I also didn't know I was going to spend two hours reading.
Rain and reading. Sigh. So much love in my heart.
I love stories. Emotions and people and adventures. Loss and blessing, unknowns blooming into known, all woven together by the hand of the Creator. My heart was made for stories.
I love the sound of water. Raindrops falling from heaven onto rooftop, splashing onto the back porch overhang, fast forming puddles on the uneven side yard. Splish splash. Plink plunk. Dribble dribble drip drip. Whoosh.
A symphony that stirs me.
Oh, how I love being surprised by a perfect night.
(Laughter bubbles from the inside as I type that because I'm also surprised by what "perfect" now means to me. Perfect now means letting go of perfection. Because to get to my cozy spot on the couch I walked past the sink full of dirty dishes, I slid my hand over the batches of payments to post for my part-time job to grab the book that was beckoning me, I sidestepped the overflowing basket of laundry that needed folding, and finally I skipped over a collection of brightly colored kitchen toys strewn across the living room rug that I didn't make the boys pick up before bed.)
I actually had big plans for productivity, but three children were sleeping and my husband was away and I told myself just a few pages with my feet up after a long day was all I needed to recharge before charging into my to-do list for the night.
So I snuggled down in my fuzzy green blanket and found my place marker in the new book with the cherry blossomed covered: Surprised by Motherhood by Lisa-Jo Baker.
I've read Lisa-Jo's blog about motherhood for about a year so I've heard many pieces of her story before. I already had a sense that being a mom wasn't a dream she had carried since a little girl, but rather an unexpected gift she blossomed into. I knew her mom died a long time ago. I knew she balanced mothering three young ones with a passionate heart for working and serving others.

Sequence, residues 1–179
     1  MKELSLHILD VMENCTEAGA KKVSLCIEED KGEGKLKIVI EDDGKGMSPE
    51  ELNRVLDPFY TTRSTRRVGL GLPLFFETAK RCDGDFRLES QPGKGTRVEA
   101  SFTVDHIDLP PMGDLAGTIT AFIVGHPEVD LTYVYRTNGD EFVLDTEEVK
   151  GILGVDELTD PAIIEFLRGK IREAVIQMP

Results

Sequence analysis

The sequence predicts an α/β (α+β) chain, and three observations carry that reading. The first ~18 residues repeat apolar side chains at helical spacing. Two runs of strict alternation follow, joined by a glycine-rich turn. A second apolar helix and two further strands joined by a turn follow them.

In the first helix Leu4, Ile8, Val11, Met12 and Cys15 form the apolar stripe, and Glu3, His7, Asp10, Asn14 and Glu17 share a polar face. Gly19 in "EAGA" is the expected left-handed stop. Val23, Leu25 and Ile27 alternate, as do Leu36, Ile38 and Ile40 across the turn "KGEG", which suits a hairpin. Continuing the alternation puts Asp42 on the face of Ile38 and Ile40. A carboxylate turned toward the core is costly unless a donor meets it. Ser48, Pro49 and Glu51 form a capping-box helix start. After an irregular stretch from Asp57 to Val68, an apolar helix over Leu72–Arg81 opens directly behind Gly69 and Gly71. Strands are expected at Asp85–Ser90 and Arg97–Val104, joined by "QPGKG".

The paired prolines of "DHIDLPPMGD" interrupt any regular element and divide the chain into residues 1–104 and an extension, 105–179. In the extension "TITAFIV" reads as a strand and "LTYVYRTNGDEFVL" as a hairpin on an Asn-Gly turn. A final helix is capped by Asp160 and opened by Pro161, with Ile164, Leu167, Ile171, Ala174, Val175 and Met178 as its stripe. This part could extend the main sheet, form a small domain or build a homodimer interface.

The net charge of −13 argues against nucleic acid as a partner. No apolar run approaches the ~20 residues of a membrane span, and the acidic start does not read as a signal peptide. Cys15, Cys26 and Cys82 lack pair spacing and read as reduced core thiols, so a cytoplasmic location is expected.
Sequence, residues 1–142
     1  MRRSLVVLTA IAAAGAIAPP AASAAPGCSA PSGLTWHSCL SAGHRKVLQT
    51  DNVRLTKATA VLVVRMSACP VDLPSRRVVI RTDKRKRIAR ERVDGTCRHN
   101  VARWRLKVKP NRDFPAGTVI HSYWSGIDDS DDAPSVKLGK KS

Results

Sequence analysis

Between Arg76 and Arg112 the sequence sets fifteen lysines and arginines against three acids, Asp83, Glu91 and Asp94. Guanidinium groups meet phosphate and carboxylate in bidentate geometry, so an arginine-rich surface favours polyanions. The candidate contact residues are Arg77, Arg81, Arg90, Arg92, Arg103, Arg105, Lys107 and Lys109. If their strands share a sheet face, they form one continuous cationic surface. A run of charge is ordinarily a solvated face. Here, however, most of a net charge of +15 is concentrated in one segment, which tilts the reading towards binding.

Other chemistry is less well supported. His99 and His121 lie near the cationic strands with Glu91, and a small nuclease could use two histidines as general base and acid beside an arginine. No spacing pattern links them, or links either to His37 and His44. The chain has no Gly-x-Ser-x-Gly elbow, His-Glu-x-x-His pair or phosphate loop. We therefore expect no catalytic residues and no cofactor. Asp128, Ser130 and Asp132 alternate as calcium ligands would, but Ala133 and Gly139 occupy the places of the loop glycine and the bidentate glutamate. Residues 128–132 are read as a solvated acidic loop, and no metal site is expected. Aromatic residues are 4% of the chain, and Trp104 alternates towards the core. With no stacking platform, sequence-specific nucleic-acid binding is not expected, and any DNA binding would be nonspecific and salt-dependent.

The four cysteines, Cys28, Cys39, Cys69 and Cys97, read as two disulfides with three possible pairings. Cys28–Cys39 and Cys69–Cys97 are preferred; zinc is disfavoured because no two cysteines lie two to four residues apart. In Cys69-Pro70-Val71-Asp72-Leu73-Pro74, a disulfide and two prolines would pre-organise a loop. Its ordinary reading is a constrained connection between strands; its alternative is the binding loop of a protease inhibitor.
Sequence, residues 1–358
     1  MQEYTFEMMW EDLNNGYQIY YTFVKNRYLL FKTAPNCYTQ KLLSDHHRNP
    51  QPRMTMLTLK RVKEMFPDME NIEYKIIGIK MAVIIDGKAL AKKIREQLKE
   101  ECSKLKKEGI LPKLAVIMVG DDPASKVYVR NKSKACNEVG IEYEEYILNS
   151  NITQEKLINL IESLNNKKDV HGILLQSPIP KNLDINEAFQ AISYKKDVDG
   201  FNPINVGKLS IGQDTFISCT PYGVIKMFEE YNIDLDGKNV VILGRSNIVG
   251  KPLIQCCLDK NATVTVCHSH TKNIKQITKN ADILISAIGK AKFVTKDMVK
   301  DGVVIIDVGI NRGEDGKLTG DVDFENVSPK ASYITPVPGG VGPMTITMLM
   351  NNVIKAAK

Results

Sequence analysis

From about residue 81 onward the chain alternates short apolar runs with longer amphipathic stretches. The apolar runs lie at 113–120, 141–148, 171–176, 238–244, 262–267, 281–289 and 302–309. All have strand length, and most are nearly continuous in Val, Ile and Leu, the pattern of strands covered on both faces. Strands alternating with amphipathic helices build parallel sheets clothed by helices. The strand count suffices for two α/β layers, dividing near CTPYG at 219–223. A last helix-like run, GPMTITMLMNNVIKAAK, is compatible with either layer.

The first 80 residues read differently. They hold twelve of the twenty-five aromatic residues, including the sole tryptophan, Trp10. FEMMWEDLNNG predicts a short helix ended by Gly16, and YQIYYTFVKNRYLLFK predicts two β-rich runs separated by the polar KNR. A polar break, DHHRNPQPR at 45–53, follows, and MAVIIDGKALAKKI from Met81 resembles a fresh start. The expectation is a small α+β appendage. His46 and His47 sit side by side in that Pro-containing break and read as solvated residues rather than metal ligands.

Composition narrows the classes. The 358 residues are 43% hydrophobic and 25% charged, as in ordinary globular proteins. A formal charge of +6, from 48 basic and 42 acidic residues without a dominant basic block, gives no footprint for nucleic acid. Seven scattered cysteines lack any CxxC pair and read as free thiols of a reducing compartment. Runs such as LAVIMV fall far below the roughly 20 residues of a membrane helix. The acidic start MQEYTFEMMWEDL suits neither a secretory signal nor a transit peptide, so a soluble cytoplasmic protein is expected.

So the voice that spoke across the pages of this book was familiar. I wasn't shocked by any twist or turn her story took.
But as Lisa-Jo bravely told her story of being a woman who adamantly did not want to be a mom to becoming one with an unexpected heart-song, soul-call to be a cheerleader and champion for all other mamas, I was surprised by how deeply her transformation moved me. How her story changed me. Called deep to me.
Surprised by Motherhood is brutally real and beautifully transparent about the gritty moments of raising kids that can make us come undone. Oh, how I relate to tempers flaring at strong-wills willing. How you can love so deep you can hardly breathe and yet the mundane drain of a life stuck on repeat can nearly suck all your breath away.
These pages took me back to the days of battling what I read in parenting books against the real-life baby I faced and how the mismatched reality rocked me. But Lisa-Jo's melodic words also transported me back to the awe-struck wonder of growing new life, birthing new life, living for the sake of loving this new life! A miraculous dance with God who chooses to use a mother's womb and heart as life source for His children.
But what reached my heart deepest as the raindrops ricocheted off my roof, was Lisa-Jo's story of calling. That sometimes, most times, we don't have just one. As intricate as our baby's dark eyelashes or plump and pink new feet, so has God made our hearts and minds miraculously multidimensional, beautifully complex.
Her story whispered reassurance to my heart that my most precious calling to mother my children whole-hardheartedly doesn't have to negate a God-given passion for something else.
I am a mother. And I am more than a mother. And my mothering makes everything else that I am and do better, more blessed, than if motherhood was not part of my story.
That's Lisa-Jo's story.
God is writing a different one for me.
But reading her journey gives me greater comfort and courage to live mine.
And maybe that's what has surprised me most about motherhood:
my need to do it in community,
my need to hear other mamas' stories,
my need to share my own.
And how we are all the richer for it.